Imagine a thousand people from around the world taking over the Costa Mesa Hilton: lighting candles, attending workshops, listening to speakers and music. Complete strangers crying, hugging, even laughing in every corner and elevator—it was a big lovefest, kind of like Woodstock, without the rock ’n’ roll or LSD . . . and way better facilities . . . It was a time for sharing, comfort, and camaraderie.
I had gone with some trepidation to this conference. I wasn’t convinced that being around hundreds of people who were as sad as I am was really what I needed. Because, as I near the end of my fourth year of grieving, I’m getting tired of it. I’m tired of being miserable. Tired of this wall that separates me from “normal” people. Tired of watching intact families with envy and resentment. Tired of making my grief the center of my life. I’m ready to try to see if it’s possible to feel good about my life again, without my tragedy taking center stage. Of course, a large part of me is not ready to move on—how could I?—not ready to relinquish the now familiar and comfortable black hole of grief. So what was really wonderful, for me, about the conference, was that it catered to both my parts. There were commiseration and solace for my pain, but also inspiration and guidance for creating a new path in my journey.
The Costa Mesa Hilton seemed, at first, an unlikely setting for the conference, ill-suited to the needs of hundreds of fragile souls. But it was beautiful and well-run, and really faded into the background as the conference began. Each person was given a bag upon arrival, thoughtfully filled with small, physical comforts: Tylenol, Chapstick, agendas, notepads, a pen, a local map, a beautiful bookmark, chocolate, a package of forget-me-not flower seeds, and tissues, lots of tissues. The conference was extremely well-organized, with interesting, inspiring speakers at the beginning and end of each day, and dozens of different workshops to choose from, led by both professionals and grieving parents. The workshops covered a huge range of topics, from “Death from the Disease of Addiction,” to “Learning to Forgive,” to “Spiritual Grief.” There were workshops for siblings, teens, grandparents, and men; workshops geared toward the newly bereaved and those twenty years into their grief. (Yes, we will still be grieving in twenty years . . . sigh . . .). I chose workshops dealing with such things as anxiety and grief, meditation and visualization, writing, yoga for grief, signs from our children, and how to make the transition “from surviving to thriving.” At the closing ceremony, there was a performance by the newly formed (that weekend!) sibling choir that made my eyes water and my heart swell. The Walk to Remember® throughout the Southern California neighborhood was an opportunity to chat with friends from our own Santa Cruz chapter, which made a good showing and also gave us the feeling of doing something concrete in the names of our beloved children.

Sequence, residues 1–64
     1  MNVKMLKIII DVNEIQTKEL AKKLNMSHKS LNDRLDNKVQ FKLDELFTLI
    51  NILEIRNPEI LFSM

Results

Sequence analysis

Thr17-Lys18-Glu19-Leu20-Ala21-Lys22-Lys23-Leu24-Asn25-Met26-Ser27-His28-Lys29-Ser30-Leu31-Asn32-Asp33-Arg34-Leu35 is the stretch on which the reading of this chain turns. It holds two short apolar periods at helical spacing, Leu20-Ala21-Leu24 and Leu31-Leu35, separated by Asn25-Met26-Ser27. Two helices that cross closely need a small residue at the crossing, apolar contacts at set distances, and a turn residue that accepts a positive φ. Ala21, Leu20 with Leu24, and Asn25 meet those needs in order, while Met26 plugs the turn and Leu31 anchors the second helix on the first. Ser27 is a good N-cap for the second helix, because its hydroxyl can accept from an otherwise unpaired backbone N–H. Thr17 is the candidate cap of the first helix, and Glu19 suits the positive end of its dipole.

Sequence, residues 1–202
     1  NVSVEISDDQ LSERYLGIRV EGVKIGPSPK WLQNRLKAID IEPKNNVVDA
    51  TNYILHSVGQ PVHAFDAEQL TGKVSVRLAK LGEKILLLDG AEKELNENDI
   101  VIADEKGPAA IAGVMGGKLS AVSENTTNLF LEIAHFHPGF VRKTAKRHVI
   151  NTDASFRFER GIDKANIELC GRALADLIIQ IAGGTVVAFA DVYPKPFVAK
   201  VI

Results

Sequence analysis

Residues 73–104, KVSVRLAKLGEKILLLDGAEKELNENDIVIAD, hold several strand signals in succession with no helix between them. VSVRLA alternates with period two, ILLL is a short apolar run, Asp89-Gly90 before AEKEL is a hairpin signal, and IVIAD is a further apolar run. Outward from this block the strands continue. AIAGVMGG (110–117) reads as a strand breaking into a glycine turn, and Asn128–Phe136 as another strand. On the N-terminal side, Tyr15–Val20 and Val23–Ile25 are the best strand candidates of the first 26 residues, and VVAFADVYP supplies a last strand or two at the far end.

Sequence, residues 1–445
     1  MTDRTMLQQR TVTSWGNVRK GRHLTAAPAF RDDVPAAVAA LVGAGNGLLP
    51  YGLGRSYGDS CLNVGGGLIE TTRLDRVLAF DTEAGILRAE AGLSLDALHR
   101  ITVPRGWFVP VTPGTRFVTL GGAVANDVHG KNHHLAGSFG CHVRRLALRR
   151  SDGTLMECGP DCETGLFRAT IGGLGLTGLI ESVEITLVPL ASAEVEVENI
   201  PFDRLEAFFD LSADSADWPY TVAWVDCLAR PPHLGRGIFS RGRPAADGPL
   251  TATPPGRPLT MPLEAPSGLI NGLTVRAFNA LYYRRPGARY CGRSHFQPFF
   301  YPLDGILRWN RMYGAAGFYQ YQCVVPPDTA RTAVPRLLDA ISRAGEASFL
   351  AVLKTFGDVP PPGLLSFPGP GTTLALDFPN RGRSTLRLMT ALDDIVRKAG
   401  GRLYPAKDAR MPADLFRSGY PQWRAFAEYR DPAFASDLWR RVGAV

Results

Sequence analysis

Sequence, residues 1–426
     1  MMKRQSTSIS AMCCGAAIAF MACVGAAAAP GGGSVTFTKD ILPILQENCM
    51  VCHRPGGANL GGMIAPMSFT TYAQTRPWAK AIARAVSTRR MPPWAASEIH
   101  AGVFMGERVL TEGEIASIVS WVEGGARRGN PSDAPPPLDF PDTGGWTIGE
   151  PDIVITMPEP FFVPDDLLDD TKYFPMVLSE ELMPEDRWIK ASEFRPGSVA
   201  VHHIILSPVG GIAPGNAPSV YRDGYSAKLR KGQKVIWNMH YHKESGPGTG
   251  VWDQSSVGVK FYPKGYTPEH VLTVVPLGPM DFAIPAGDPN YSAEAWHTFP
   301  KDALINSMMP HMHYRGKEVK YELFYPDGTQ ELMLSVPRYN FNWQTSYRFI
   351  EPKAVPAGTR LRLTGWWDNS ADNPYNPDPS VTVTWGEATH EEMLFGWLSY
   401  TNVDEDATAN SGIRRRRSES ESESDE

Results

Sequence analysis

Probably the most emotional, but satisfying, moment for me was the candle-lighting ceremony on Saturday night, which began with the song “Precious Child,” performed by its composer/writer, Karen Taylor-Good. I imagine the Hilton had to turn off its smoke alarms as close to a thousand of us lit candles while saying the names of our children aloud. There were many tears, but also an incredible sense of unity and love, a feeling of belonging to something big and good. There was something really powerful about being seen, recognized, and acknowledged; about being surrounded by people, every single one of whom understood and felt the same kind of pain that I felt.
I walked away feeling comforted, supported, uplifted, and connected. And the words and stories of so many speakers continue to echo in my head. Two come to mind: the story of a woman whose son had died several years before, and who was in the hospital herself, on the surgeon’s table, and died for a moment. She felt herself rise up out of her body and go toward the white light that we’ve all heard so much about, and there to greet her was, among others, her son. When minutes later she returned to her body and this life, her first awareness was of a yearning to go back to the light and her son. And some words that stay with me came from Darcie Sims, the speaker at the closing ceremony. To paraphrase: “You are not here because your child died, you are here because he lived. Grief is the price you pay for love. Don’t you dare only remember that he died; remember that he lived.” Easier said than done, but certainly a worthwhile goal.
So for me, the conference did what I think was intended, and what I feel after each meeting here in Santa Cruz: it made me feel that I truly do not walk alone on this path through grief.
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